Switzerland’s second largest bank, Credit Suisse, has announced it will no longer pass on negative interest charges to private clients from July 1.
On June 16, the Swiss National Bank surprised the markets by raising its benchmark interest rate by half a percentExternal link in response to rising inflation, but rates are still in negative territory at -0.25%.
The central bank had imposed a -0.75% rate in 2015 after abandoning its policy of defending the Swiss franc with a peg to the euro. With this shock move, the SNB began charging commercial banks for holding their cash in its vaults.
High street banks soon began passing part of this cost onto wealthy clients and businesses as they collectively faced annual bills from the SNB of around CHF2 billion ($2 billion).
The SNB gradually granted more exemptions from the penalties, but the central bank still collected CHF1.26 billion last year, raising the total amount charged to more than CHF11 billionExternal link during the negative interest rate period.
Credit Suisse currently passes on the full SNB fee to private clients with cash deposits of more than CHF500,000, rising to CHF2 million when investments in property and securities are included. But this charge will be lifted as of July 1.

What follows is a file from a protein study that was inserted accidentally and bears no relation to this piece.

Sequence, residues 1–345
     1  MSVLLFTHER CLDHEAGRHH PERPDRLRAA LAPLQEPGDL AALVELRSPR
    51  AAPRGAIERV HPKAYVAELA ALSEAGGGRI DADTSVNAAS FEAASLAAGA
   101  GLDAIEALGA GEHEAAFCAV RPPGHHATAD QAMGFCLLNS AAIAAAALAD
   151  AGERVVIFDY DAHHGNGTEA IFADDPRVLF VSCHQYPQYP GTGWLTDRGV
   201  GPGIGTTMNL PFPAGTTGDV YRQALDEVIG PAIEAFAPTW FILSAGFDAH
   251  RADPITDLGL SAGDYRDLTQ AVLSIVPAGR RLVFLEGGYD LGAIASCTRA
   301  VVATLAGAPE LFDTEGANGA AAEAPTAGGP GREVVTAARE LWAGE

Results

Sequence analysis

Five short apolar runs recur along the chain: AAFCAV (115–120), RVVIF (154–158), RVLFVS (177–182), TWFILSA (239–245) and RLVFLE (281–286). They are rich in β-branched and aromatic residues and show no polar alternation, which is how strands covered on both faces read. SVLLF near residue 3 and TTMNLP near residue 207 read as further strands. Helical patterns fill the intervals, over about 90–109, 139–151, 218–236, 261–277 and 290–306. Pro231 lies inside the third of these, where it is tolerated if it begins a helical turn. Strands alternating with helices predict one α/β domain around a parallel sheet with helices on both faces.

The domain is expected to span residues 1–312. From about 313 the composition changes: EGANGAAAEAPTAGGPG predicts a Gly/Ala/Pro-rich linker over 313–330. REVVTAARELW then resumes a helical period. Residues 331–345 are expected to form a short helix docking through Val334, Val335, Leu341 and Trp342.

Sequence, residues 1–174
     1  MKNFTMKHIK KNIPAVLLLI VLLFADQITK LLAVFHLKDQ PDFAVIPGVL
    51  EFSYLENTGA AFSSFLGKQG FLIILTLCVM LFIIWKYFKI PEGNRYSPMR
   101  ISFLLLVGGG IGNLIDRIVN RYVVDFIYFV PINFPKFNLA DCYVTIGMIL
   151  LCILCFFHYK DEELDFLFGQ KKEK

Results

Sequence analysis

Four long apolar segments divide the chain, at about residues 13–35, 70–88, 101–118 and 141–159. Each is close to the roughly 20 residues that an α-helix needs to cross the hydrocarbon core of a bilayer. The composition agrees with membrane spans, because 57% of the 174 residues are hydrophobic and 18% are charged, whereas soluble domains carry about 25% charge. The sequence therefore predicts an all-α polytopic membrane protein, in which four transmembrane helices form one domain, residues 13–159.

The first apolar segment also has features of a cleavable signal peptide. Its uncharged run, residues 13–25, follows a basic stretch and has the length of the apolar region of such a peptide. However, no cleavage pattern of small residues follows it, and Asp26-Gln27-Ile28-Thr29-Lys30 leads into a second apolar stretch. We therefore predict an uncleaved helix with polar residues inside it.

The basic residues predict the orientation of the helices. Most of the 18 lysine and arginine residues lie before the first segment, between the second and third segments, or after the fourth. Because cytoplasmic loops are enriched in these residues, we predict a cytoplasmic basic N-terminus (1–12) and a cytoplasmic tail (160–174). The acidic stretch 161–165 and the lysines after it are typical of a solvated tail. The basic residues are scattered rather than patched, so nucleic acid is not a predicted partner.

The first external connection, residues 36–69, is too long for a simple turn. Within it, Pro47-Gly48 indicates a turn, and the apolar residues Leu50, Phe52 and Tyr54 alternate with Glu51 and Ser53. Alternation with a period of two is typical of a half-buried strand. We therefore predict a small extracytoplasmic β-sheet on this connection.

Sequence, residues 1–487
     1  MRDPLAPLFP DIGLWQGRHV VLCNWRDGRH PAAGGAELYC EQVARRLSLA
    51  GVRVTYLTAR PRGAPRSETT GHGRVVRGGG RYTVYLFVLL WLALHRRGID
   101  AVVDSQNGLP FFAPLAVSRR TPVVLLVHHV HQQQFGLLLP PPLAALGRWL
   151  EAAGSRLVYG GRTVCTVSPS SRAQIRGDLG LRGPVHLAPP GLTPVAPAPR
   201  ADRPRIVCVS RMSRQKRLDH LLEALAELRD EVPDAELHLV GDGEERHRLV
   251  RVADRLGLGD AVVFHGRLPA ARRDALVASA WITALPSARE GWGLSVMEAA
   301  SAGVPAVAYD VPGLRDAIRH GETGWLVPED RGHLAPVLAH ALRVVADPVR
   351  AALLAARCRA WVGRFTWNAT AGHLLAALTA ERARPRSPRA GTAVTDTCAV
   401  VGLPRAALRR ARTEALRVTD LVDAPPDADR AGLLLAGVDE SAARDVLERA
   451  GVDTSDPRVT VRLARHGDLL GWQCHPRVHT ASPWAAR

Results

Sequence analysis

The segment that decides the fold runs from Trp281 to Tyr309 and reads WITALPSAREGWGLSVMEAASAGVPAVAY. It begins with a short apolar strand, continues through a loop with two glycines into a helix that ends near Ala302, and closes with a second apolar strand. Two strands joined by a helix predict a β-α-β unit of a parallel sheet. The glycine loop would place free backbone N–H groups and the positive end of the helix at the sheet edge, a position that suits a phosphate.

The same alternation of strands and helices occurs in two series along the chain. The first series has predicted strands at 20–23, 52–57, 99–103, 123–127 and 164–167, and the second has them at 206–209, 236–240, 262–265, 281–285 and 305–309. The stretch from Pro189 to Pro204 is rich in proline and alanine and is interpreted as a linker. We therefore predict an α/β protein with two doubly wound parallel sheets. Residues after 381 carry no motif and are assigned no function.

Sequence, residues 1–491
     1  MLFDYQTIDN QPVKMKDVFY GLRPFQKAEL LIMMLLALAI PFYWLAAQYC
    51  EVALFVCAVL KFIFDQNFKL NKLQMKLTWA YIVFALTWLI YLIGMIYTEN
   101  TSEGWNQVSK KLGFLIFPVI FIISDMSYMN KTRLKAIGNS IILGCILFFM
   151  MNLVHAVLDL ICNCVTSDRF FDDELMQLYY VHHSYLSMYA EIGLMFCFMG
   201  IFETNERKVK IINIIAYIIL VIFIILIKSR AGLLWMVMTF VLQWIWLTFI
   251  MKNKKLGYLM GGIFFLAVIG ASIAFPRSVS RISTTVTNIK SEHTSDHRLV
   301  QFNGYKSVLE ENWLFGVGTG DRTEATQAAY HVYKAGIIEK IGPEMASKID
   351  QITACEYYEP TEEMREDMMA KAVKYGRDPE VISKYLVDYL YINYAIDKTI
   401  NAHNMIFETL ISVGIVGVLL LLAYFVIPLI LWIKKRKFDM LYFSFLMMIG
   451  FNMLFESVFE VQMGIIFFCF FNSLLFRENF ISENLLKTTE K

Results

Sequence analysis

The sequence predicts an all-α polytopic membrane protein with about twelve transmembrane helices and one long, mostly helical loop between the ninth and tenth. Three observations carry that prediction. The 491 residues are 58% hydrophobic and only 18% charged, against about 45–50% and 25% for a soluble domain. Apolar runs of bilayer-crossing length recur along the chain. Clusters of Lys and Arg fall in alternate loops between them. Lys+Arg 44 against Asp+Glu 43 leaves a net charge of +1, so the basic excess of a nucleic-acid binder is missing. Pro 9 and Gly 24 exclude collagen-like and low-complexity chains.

Some smaller Swiss banks have already announced an end to negative interest charges, but Credit Suisse is the first major player to make this move.
The exemption threshold for corporate clients will be raised from CHF1 million to CHF3 million, the bank told SWI swissinfo.ch.
Credit Suisse economists expect further interest rate hikes from the central bank later this year.
In June, price comparison website Moneyland published an overview of negative interest chargesExternal link across all banks in Switzerland.
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